This is a 5-7 team at the time, lacking one win this year over a single winning team and needing to win the worst way to remain in playoff contention. In the worst way they need a big first down.

At 5-7 against your biggest rival and with the playoffs all but gone, the ship was kind of leaning there Lovie, and Kate Winslet and Leonardo DiCaprio were scrambling to get to the high end. It seemed like as good a time as any to take a chance and put the pitiful 2009 season on the line.

“It was a full yard,” offensive coordinator Ron Turner chipped in with protection for his boss’ decision. “If it was half or something like that but it was a full yard, still a lot of time left, we had the lead and I don’t think we were across midfield.”

A full yard. Wow. Thirty-six inches. That’s a lot. Well, it is to a team ranked 31st in rushing at the time, and now last in the league. It seems like the last time the Bears converted a big third-and-one, it was Thomas Jones carrying the ball.

“It was a difficult decision,” Smith said. “But at the time we were playing really good defense and thought we could pin them down there and really go from there.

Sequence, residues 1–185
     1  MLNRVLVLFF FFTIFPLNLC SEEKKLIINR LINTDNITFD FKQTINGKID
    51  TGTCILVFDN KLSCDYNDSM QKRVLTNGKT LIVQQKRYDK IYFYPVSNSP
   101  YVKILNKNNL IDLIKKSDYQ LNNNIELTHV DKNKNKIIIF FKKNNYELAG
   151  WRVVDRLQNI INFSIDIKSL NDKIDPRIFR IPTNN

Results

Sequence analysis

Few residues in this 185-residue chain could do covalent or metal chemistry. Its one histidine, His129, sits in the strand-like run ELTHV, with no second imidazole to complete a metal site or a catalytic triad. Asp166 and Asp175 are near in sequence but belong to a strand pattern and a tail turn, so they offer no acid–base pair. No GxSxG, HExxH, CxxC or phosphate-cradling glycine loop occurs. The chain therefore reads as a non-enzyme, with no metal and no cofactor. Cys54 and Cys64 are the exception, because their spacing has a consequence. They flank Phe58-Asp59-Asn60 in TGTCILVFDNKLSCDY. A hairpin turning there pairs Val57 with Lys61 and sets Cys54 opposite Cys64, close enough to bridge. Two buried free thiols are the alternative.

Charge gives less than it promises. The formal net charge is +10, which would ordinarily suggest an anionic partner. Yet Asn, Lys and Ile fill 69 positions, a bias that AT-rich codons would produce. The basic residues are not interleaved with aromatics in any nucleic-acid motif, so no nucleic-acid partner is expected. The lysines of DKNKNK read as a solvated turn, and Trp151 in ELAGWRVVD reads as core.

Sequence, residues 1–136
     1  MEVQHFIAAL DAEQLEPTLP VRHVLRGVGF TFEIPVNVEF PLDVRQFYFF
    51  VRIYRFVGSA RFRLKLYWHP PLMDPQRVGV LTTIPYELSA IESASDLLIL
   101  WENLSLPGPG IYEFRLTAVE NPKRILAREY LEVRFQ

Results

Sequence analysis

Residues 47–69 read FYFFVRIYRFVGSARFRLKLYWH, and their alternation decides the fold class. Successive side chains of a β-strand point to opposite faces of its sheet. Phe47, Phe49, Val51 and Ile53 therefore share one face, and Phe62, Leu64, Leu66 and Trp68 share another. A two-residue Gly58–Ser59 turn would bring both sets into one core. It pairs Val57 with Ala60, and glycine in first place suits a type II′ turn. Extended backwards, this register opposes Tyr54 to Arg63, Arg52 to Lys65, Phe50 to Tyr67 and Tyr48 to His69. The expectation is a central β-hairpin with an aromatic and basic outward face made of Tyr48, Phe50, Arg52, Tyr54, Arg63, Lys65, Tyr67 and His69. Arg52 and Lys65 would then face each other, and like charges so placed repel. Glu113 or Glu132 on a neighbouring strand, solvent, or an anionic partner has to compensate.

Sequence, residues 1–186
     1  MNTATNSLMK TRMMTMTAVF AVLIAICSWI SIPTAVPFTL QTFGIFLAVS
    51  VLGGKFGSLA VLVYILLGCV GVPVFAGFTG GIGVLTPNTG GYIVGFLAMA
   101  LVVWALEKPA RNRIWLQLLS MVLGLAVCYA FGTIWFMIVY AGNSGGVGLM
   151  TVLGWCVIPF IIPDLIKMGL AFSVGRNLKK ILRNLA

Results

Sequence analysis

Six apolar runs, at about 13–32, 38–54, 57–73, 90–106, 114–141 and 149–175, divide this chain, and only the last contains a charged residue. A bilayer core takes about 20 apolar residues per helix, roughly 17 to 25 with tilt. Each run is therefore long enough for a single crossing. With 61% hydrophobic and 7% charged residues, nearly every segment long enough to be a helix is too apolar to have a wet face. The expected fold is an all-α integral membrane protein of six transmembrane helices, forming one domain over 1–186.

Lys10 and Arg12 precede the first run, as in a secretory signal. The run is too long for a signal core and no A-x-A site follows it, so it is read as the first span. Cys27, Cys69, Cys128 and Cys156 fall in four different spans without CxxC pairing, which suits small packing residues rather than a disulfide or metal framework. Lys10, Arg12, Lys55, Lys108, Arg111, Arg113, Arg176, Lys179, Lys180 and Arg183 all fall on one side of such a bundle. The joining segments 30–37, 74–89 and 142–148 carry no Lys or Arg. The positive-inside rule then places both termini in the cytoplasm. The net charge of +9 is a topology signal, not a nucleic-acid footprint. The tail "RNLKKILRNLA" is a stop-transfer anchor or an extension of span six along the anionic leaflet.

“Those are always good decisions. We'll be a little bit more conservative in those situations based on how we're playing at the time defensively.”

So Smith played it conservative because he had faith in his strong defense. This defense hasn’t stopped a good offense when it really mattered since the second week of the season. And when that happened, it was Pittsburgh’s offense. The Steelers aren’t even a winning team now.

Smith also brushed off inquires into why the Bears called timeout and then before the next play asked for a review of tight end Greg Olsen's dropped pass. They wound up losing the challenge and another timeout.

Of course, they needed the timeouts later, but Smith only said things were hectic and messed up on the sidelines and that they needed time to sort something out before they could waste a timeout — with a stupid challenge that no one in the stadium could realistically think they would win.

He wouldn't explain what the exact problem was on the sidelines when asked.

Somehow, this explanation seemed plausible. It’s very easy to believe things were messed up on the Bears’ sidelines.

It probably happens a lot.